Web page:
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Head-injured patients who are nasal carriers of Staphylococcus aureus are at high risk for Staphylococcus aureus pneumonia

Campbell, Wayne MD; Hendrix, Elizabeth BA; Schwalbe, Richard PhD; Fattom, Ali PhD; Edelman, Robert MD

Neurologic Critical Care
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Objective To determine if head-injured patients with premorbid nasal colonization with Staphylococcus aureus are at increased risk for S. aureus infection.

Design Patients admitted over a 2-yr period were enrolled if they met the following criteria: Injury Severity Score >or=to9, intensive care unit (ICU) admission, hospitalization in another hospital <24 hrs, no recent use of antibiotics.

Setting Acute care trauma facility.

Patients Any patient sustaining acute, blunt, or penetrating injury and meeting the enrollement criteria were eligible.

Interventions Swab cultures of both internal nares were performed within 72 hrs of readmission and cultured for S. Aureus. Patients were prospectively monitored for S. Aureus infections until discharge.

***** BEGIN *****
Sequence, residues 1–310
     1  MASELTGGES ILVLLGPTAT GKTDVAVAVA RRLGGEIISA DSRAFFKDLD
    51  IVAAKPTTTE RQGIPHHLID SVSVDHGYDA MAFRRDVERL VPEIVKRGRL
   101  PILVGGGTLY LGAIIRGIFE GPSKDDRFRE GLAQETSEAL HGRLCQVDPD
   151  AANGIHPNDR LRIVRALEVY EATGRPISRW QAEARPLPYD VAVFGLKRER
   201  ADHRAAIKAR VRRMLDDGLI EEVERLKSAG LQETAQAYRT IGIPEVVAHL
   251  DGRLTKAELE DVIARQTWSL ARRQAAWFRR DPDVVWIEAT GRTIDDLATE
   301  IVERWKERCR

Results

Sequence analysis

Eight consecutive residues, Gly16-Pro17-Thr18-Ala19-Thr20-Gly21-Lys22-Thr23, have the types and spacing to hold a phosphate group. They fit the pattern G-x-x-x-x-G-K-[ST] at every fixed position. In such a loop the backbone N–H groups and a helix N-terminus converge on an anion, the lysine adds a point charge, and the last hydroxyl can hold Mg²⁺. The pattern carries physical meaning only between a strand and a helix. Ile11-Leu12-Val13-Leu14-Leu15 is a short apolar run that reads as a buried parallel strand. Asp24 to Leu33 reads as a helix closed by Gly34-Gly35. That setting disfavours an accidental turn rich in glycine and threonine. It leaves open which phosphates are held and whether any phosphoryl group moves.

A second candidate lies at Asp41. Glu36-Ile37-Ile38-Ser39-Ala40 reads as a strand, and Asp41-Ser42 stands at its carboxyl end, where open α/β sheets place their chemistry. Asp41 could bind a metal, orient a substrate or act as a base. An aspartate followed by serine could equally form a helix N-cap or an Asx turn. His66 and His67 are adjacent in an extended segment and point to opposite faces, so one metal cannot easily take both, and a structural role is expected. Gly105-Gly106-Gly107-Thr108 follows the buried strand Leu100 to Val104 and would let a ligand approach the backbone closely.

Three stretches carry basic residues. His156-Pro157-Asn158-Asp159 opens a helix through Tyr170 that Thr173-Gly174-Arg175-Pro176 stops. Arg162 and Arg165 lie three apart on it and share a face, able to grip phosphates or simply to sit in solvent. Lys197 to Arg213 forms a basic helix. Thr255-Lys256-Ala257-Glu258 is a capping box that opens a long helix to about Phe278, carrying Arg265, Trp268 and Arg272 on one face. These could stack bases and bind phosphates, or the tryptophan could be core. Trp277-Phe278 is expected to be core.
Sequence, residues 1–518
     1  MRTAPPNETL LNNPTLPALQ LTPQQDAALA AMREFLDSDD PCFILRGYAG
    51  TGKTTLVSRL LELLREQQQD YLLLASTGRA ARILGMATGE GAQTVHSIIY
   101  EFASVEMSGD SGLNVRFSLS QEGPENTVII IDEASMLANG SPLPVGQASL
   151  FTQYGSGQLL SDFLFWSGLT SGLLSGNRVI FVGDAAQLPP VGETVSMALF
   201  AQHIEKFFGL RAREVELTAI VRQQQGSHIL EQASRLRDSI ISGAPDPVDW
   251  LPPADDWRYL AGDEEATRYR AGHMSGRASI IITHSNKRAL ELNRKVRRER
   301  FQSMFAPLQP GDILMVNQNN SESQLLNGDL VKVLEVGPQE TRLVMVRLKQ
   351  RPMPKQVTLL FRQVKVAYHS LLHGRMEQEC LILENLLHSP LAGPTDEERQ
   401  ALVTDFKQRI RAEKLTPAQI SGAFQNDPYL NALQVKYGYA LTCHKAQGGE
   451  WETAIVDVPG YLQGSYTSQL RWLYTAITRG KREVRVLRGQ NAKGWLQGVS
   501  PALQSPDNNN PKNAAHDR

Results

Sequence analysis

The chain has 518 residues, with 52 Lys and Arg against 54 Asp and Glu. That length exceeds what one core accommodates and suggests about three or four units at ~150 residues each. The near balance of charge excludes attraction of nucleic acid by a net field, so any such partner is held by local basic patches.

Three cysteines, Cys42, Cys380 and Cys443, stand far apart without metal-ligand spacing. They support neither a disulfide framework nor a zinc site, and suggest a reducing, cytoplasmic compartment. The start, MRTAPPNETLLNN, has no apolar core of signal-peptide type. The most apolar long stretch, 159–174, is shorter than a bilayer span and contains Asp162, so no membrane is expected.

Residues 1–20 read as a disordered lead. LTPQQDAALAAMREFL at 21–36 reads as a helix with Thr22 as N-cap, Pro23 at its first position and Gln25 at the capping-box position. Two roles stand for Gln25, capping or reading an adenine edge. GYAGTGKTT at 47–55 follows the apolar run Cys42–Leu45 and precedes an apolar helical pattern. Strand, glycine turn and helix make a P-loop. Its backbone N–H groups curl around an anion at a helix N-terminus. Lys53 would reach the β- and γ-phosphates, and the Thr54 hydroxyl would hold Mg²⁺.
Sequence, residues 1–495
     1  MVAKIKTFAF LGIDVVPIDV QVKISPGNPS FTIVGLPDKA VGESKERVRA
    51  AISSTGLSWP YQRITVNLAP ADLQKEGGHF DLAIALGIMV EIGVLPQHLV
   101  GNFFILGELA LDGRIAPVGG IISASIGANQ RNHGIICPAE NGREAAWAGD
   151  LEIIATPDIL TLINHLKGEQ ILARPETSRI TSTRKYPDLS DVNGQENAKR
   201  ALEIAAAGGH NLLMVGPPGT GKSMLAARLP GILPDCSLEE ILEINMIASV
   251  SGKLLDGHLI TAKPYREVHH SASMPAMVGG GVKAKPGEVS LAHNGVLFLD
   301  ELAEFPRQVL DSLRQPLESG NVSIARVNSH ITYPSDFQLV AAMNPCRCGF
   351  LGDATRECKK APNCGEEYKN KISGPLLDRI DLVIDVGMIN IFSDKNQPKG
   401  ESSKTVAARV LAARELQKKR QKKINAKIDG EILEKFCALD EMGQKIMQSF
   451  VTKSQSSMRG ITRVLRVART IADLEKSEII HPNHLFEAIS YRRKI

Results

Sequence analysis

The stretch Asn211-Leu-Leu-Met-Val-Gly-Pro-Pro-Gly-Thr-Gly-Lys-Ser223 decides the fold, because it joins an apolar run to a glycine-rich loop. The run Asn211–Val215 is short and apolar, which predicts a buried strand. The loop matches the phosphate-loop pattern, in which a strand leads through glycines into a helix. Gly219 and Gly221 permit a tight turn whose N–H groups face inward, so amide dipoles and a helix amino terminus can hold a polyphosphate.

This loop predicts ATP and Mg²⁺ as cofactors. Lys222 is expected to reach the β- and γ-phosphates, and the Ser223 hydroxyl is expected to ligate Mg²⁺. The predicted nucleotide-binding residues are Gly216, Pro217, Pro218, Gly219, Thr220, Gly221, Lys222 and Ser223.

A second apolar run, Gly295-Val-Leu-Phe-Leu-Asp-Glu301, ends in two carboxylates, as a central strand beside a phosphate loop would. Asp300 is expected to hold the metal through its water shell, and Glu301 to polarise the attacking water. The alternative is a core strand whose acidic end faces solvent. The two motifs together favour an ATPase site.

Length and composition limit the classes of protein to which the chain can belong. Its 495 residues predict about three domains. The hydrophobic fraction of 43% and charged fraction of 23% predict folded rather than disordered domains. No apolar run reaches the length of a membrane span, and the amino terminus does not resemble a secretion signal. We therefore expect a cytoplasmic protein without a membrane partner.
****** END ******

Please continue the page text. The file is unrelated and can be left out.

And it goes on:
Measurements and Main Results Admission nasal cultures were positive (NC+) for S. aureus in 144 of the 776 patients cultured. Forty of the 144 NC+ patients had isolated head (37) or high cervical spine (3) injury, and 11 of that group (27.5%) developed S. aureus infections. The remaining 104 patients positive for S. aureus on admission had no head injury (74) or head combined with torso and extremity injuries (30). S. aureus infection was diagnosed in 11 of the 104 patients (10.6%). The difference in incidence of infections is significant (p < .01), as is the difference in incidence of pneumonia (20% vs. 3.8%, respectively [p < .01]). Organisms causing pneumonia were often the same organisms isolated from the nares on admission.

Conclusions Nasal colonization with S. aureus at the time of severe head injury increases the risk of S. aureus pneumonia during hospitalization. Prophylactic measures against S. aureus pneumonia may help reduce the length and cost of hospitalization.

(Crit Care Med 1999; 27:798-801)

From the Division of Infectious Diseases, R. Adams Cowley Shock Trauma Center (Dr. Campbell and Ms. Hendrix), the Department of Pathology (Dr. Schwalbe), and Geographic Medicine (Dr. Edelman), University of Maryland School of Medicine, Baltimore, MD; and NABI, (Dr. Fattom) Rockville, MD.

Supported, in part, by a grant from Maryland Industrial Partnerships, University of Maryland, College Park, MD.

© 1999 Lippincott Williams & Wilkins, Inc.